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"By wisdom a house is built, and by understanding it is established; and by knowledge
the rooms are filled with all precious and pleasant riches." ~Proverbs 24:3-4

Homeschool Organization

"Let all things be done decently and in order."
(I Corinthians 14:40)
"For God is not the author of confusion,
but of peace."
(I Corinthians 14:33)

Homeschool organization is a constant challenge. Like most households, homeschoolers must deal with the everyday accumulation of laundry, dishes, toys, trash, and mail. In addition, we manage a multitude of school supplies, books, papers, and ongoing projects. A well-organized homeschool allows us to save time, energy, and money so that more of those resources can be utilized for the important task of educating our children.

As Mary Pride once said, ďIf itís not worth finding a special place for, throw it out. Youíll never find it anyway.Ē We need to have a place for everything and put everything in its place. This enables us to concentrate on teaching rather than on picking up, rearranging, and looking for things. Maintaining an orderly homeschool keeps us from spending extra money to buy duplicates of items that we lost, or forgot that we already have. Organized supplies require less time and energy spent looking for what we need. Our time is too valuable to waste it on searching for things. Besides, itís inconvenient to interrupt lessons by having to clear off tables and desks, or find lost pencils, missing chalk, and misplaced books. Teaching and studying amidst a lot of clutter day after day is distracting, discouraging, and mentally tiring. Itís actually stress-relieving to have an organized house.

Organized supplies are more presentable than overflowing drawers or stuffed closets. File cabinets are a must for storing such items as workbooks, worksheets, school records, newsletters, magazine and newspaper articles. Bookcases and shelves are an excellent investment not only for books, but for models and displays, as well as for storing stackable containers filled with pencils and pens, crayons and markers, math manipulatives, letter and number magnets, etc. Make sure they are labeled. Clear plastic shoeboxes and empty baby wipe containers work well. Keep boxes of the same shape and size stored together so they stack neatly. Arrange books so they are easy to find, which may simply mean placing all of the science books on one shelf, history on another, and so on.

Itís a good idea to get rid of unnecessary and meaningless items to make additional space available for more useful educational materials. Throw away all the worthless stuff like ballpoint pens that donít work, broken toys, torn outdated maps, half-finished preschool workbooks that the kids have long outgrown, piles of old magazines, dried-out Play-Doh sets, puzzles and games with missing pieces. Decorate the room with instructional or inspirational accessories such as globes, maps, historical timelines, Bible pictures, and motivational posters.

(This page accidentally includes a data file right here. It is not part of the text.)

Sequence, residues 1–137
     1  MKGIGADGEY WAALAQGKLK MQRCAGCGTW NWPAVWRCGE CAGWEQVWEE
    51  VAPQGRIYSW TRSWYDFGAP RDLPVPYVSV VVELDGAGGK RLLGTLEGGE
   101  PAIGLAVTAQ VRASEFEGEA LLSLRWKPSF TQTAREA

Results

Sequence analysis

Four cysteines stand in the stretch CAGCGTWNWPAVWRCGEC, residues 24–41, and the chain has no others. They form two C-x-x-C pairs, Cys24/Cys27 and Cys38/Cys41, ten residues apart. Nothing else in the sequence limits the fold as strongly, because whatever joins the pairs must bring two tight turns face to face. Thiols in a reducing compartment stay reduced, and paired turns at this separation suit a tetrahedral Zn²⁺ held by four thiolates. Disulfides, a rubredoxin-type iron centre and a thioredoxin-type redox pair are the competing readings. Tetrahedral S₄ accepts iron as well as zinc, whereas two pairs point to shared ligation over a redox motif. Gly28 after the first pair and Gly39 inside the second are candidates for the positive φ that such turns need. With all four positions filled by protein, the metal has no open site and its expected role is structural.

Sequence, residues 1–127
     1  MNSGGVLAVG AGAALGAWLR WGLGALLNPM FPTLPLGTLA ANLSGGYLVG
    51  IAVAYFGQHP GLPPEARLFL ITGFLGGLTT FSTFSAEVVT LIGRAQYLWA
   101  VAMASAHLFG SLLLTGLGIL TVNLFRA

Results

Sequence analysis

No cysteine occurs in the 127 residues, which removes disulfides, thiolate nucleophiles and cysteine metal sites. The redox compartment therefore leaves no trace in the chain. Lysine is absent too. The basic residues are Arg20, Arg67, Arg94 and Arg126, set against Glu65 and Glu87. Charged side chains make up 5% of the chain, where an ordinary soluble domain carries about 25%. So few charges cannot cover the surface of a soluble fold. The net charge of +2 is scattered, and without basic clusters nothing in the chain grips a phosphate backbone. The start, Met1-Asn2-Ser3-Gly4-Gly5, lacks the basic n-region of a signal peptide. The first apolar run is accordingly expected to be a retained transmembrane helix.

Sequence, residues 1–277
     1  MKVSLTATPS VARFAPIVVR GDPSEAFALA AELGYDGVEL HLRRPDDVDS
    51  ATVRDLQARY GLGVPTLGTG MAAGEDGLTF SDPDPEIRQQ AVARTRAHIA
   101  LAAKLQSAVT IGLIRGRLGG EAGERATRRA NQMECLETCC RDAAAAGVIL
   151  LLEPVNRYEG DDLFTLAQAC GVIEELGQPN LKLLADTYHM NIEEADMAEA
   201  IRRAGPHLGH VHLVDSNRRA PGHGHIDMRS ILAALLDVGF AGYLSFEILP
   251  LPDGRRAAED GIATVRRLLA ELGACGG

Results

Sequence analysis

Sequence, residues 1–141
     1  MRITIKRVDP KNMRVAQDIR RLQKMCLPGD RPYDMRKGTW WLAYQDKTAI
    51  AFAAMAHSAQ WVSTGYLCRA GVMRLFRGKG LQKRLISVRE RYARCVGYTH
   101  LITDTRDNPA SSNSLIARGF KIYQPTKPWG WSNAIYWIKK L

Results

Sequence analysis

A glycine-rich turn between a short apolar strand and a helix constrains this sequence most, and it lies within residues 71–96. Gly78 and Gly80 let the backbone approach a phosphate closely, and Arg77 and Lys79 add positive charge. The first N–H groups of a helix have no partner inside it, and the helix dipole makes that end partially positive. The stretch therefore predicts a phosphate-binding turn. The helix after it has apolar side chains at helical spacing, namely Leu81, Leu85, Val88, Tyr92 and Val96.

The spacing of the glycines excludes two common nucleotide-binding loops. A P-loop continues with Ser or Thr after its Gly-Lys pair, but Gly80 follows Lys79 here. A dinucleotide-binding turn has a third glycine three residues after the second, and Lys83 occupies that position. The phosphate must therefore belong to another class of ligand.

You donít have to keep all of the drawings your children make or every report they write, but don't throw away any masterpieces without their approval. At the end of each semester, decide together which creations are worth saving. Keep them in a special folder, scrapbook, or box for each child. Over the years you can pare down the collection as you become more selective. Store these archival materials in the back of the closet, under the stairs, or up on a high shelf. Reserve the easily accessible locations for materials that are regularly referred to.

In general, things should be stored as close as possible to where they are most likely to be needed. Buy extra quantities of often-used essentials (such as pens, pencils, and paper) so there will be a supply handy in every room. Keep a tote bag equipped with bookmarks, notepad, pencil, scissors, stapler and highlighter pen. Use it to store all the newspapers, magazines, and books that you want to browse through. The tote bag can be carried from room to room. When you have time to sit down and go through it, take notes, clip and staple what you want, then dispose of the rest. Try to handle papers only once. Read them, file them, or discard them, so you donít keep re-shuffling the same papers.

Remove clutter at its source by picking up after one activity before going on to the next, and remind children to put their toys away before getting something else out. Place a box or basket in a central location to toss in things you find around the house, then set aside a certain time each day or once a week to return the items to their original locations. Make cleaning fun by playing lively music, singing a clean-up song, setting a timer, or racing the clock (keep track of how long it takes and try to beat the time previously set). When picking up, be sure to put everything back where it belongs. Donít just keep moving the clutter around from room to room. Remember that keeping the house organized as you go along is a lot easier than waiting until itís in total chaos!

Additional References:

    by Mary Pride

    Classroom Organization: It Can Be Done
    by Dinah Zike

    Clutter Free/Clutter's Last Stand/Not For Packrats Only/
    The Office Clutter Cure
    by Don Aslett

    Confessions of an Organized Homemaker/
    Confessions of a Happily Organized Family
    by Deniece Schofield

    Homeschooling at the Speed of Life
    by Marilyn Rockett

This article may be reproduced in its entirety by non-profit homeschool associations. Please click here for details.


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Copyright © 2000- by Teri Ann Berg Olsen
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